For well over a decade continuous improvement approaches have been formally applied in the public sector in the UK and elsewhere, in an attempt to improve service quality and streamline processes, often in response to cuts in public expenditure budgets imposed by governments.
Many public services in the UK – including defence, healthcare, police, higher education, central and local government – have now, to a greater or lesser extent, implemented continuous improvement (CI) programmes of various shapes and sizes. However, while there are numerous examples of successful initiatives at a process level, questions remain about whether real systemic changes are being made that will produce the long term sustainable CI culture desired.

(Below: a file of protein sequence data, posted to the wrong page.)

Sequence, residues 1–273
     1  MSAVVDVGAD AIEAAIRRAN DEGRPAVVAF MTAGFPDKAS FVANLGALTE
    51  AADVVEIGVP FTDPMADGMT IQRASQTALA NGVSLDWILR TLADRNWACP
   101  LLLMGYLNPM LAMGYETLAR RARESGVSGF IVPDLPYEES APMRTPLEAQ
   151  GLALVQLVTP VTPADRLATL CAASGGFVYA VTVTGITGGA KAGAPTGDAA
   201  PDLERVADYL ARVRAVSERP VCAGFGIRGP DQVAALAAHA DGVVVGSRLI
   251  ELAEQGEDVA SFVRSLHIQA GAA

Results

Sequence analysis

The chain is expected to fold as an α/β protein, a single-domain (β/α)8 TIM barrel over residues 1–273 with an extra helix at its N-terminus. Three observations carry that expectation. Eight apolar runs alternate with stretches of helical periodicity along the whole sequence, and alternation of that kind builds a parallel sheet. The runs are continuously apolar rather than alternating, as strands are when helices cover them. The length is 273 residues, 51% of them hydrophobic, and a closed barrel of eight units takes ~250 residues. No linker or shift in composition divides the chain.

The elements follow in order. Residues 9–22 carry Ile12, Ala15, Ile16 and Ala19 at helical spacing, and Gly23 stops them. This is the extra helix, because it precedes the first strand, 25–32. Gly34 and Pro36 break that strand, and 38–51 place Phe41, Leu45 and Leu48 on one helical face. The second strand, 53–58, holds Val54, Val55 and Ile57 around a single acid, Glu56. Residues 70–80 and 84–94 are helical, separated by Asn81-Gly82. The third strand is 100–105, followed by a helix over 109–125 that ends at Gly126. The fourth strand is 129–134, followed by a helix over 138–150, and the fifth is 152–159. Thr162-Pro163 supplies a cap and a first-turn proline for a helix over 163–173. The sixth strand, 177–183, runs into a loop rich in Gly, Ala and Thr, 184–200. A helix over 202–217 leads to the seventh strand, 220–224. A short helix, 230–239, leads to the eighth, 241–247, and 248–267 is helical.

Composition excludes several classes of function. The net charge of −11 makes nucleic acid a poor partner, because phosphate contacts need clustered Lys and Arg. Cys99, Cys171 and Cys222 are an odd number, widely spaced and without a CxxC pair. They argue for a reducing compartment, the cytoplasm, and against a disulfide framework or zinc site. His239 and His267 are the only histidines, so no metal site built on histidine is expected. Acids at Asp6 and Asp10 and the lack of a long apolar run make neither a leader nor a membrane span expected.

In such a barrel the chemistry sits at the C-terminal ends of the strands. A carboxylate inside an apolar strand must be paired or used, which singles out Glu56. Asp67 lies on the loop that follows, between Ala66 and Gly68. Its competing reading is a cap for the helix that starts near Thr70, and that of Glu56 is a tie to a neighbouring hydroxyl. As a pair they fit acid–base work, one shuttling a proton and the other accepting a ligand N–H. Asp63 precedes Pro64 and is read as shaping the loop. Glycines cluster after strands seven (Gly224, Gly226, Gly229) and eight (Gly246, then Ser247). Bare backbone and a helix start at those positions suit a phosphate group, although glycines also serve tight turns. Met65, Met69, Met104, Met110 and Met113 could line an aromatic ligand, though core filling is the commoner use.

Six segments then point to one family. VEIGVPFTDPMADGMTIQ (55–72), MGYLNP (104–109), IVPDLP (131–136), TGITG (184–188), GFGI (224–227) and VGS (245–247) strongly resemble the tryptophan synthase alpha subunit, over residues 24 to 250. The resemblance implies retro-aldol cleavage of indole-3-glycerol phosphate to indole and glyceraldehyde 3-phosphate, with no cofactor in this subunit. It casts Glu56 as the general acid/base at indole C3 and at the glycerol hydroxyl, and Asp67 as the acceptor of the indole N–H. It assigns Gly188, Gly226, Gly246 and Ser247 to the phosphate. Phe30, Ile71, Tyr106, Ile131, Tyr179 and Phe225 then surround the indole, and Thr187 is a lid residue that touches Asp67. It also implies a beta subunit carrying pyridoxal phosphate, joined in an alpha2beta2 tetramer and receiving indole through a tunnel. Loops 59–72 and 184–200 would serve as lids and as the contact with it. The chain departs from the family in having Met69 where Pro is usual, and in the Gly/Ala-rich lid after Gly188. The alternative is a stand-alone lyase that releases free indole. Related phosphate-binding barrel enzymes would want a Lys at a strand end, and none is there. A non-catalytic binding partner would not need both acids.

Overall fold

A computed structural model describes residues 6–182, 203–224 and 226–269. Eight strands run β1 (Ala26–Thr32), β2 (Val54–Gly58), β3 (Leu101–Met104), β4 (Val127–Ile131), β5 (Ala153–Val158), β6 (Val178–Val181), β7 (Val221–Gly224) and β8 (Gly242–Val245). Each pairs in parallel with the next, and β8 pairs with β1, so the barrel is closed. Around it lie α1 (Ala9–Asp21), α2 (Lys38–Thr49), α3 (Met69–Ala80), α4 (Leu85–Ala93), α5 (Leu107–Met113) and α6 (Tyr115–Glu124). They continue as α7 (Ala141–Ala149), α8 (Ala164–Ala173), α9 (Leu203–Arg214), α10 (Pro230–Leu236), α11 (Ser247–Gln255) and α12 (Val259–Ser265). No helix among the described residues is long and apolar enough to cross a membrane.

This article examines the nature of the lean thinking that has been embraced and calls for a debate on the development of a new definition of lean for public services. It contends that the adoption of an unadapted lean approach that is primarily geared for the private competitive market has meant that public service organisations have misunderstood the nature of value in the public sector, which has created counter-productive distractions and raises issues on lean’s ability to help engineer long term, systemic change.